Saturday, November 30, 2013

The Small World of Indexing

Earlier this year I wrote about a volunteer program called Indexing.  Today I was working on knocking out my goal for 2013 (only 1 month left!), and ran across a person I knew in the documents that I was randomly assigned.  That has happened only a few times in the tens of thousands of records that have passed my way.

The records I tend to index are Hungarian language births-marriages-deaths.   The program allows volunteers to pick their project from about a hundred choices, and the above is challenging yet within my capabilities.  Yesterday I saw that Cascade County Montana obituaries were being indexed, and since a large part of my Grandfather's family settled there, I downloaded a few batches of those for a change.  

Immediately, familiar names showed up--not necessarily relatives, but people who had settled near my people in the coal mining settlement of Stockett Montana.  And then I saw the name Barney Bubnash in the obituary of  one of his  step-siblings.  Barney's parents had both been married multiple times, so he had plenty of steps.  He was my Dad's second cousin.  I never met him but we talked on the phone before his death.  

In 2012 when the big push was to index the 1940 Census, I was randomly sent a batch of Montana census pages.  Entering data line by line down the page I was momentarily startled to see a family I had known well.   There was my friend Claire in 1940 with her first husband and her son Bruce.   In the mid-60s I babysat Bruce's children who lived 2 houses away from me.  Years later Bruce's mother Claire was my neighbor.

Amazing that I would see anyone I know or know of, given that over a billion records have been indexed to date.   This link will take you to the indexing home page.   Watch a couple of the short introductory videos and give indexing a try!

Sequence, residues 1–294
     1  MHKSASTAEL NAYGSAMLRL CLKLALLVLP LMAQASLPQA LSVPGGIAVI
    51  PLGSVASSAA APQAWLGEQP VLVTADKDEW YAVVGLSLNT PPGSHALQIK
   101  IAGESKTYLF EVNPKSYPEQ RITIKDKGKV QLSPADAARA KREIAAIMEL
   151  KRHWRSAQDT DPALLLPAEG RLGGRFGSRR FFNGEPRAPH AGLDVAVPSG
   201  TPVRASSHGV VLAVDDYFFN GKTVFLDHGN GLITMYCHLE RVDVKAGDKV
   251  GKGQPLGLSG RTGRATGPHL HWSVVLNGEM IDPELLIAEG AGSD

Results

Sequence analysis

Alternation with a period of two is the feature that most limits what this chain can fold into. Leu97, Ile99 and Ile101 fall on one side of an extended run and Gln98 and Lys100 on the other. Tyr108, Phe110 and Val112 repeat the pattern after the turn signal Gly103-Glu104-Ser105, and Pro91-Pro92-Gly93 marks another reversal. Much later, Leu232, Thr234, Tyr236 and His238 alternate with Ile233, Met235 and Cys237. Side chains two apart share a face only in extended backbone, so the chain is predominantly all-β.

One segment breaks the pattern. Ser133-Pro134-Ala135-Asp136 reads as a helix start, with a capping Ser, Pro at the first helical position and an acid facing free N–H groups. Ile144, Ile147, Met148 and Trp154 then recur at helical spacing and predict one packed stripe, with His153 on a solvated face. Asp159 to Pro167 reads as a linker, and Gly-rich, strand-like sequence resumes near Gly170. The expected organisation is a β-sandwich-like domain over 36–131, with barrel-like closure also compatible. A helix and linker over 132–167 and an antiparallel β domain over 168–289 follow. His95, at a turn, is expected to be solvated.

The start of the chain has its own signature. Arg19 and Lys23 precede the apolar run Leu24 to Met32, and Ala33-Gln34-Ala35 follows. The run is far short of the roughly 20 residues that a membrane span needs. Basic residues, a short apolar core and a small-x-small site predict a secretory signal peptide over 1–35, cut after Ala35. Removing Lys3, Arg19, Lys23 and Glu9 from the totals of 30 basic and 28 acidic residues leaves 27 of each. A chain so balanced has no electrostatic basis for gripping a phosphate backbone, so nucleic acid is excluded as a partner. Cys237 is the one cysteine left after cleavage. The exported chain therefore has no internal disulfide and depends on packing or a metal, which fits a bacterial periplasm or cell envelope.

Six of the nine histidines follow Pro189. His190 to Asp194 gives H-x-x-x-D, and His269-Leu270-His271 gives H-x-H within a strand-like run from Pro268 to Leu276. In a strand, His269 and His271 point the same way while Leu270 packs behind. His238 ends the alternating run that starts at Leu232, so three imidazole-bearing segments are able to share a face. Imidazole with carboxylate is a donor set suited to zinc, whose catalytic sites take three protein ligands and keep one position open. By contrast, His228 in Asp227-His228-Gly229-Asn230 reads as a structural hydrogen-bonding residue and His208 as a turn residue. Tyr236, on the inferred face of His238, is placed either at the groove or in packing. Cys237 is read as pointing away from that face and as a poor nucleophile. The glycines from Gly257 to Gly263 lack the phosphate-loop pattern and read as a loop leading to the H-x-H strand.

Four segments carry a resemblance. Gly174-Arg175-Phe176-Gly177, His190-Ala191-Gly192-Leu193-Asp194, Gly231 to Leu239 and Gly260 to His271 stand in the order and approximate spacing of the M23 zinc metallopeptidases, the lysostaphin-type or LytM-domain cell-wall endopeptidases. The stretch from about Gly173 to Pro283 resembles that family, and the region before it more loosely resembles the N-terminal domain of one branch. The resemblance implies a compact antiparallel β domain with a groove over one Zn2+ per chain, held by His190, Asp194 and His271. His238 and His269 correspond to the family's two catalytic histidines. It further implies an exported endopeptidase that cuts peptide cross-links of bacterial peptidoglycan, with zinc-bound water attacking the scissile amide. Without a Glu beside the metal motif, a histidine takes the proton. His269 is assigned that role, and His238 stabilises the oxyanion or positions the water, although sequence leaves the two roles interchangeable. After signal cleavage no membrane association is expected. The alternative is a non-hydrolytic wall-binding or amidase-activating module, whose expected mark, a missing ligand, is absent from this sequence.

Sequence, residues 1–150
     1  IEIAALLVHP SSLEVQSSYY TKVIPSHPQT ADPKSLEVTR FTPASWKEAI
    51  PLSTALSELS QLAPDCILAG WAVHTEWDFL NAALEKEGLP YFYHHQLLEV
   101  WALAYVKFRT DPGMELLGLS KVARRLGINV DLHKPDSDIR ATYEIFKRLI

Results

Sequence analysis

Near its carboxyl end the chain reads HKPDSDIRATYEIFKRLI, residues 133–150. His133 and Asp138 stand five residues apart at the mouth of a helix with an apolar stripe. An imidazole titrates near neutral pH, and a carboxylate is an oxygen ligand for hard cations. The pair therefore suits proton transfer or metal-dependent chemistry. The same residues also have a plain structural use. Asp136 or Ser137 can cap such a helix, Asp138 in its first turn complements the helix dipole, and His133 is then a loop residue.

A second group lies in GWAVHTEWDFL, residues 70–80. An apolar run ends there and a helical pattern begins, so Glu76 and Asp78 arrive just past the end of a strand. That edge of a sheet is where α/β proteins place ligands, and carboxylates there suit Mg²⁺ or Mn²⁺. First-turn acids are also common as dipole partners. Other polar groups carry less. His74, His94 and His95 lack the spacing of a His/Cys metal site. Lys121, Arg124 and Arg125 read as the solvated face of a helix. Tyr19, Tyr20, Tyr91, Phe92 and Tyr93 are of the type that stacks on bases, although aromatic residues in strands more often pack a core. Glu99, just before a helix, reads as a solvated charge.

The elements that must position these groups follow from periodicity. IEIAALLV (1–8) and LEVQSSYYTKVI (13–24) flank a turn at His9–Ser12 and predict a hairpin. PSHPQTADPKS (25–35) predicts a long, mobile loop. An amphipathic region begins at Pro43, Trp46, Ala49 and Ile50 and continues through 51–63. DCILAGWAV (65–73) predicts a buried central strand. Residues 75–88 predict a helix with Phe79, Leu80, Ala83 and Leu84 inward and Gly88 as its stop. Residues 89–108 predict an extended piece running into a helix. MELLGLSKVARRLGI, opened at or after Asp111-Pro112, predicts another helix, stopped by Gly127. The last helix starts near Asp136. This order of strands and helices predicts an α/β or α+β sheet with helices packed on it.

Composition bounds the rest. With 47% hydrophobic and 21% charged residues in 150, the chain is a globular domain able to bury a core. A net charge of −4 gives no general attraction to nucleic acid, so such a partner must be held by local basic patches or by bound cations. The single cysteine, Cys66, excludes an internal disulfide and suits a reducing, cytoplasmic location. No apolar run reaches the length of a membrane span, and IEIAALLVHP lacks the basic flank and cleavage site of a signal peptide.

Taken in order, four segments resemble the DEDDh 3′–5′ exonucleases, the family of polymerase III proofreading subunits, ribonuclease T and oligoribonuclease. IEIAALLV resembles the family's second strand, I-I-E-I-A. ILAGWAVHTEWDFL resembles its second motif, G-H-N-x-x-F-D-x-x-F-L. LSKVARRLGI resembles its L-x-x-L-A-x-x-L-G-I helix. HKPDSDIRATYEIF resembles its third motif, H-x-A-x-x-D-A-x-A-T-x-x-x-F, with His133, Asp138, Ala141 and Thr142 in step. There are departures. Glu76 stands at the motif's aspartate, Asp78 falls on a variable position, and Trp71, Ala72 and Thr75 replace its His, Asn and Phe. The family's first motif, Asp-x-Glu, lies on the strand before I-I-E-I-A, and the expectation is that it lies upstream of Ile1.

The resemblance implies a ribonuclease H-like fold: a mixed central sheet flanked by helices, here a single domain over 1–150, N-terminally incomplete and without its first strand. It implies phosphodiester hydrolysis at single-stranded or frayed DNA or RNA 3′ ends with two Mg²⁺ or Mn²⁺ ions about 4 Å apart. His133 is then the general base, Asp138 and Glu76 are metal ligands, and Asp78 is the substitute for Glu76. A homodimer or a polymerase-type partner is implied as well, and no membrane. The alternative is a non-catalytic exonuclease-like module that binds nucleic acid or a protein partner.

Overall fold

a typical Hungarian-language parish record

Friday, November 29, 2013

A Few of My Favorite Dorky Music Videos

Feeling lazy today.  If you want a smile check out these links to music videos that for one reason or another are excessively dorky.  I don't sit around all day surfing youtube.  When I was laid up for months after surgery one day I was tired of reading and watching movies on my computer.  Instead I watched youtube videos of some great old songs . . . and not so great music videos.  They made me laugh when I really needed it.

A very 60's music video . . : It's the Sign of the Times by Petula Clark; the gal in the orange hat is really into it
I have loved Petula Clark since grade school for her upbeat music, perky personality

Ride Captain Ride: see a guy rocking out in a zebra suit with Buffalo Bill fringe (only not as classy).  Give this group some credit for not lip-synching!

Shoulda Been a Cowboy: Toby Keith wearing the world's Best.  Mullet.  Ever.

Toby Keith is proud of his mullet, and he should be

As Tears Go By: Marianne Faithfull was only 15 in this video.  She rose straight up out of her grave to lip-sync her most famous song for us.  Me thinks she would rather be back 6 feet under . . .

Thursday, November 28, 2013

God Bless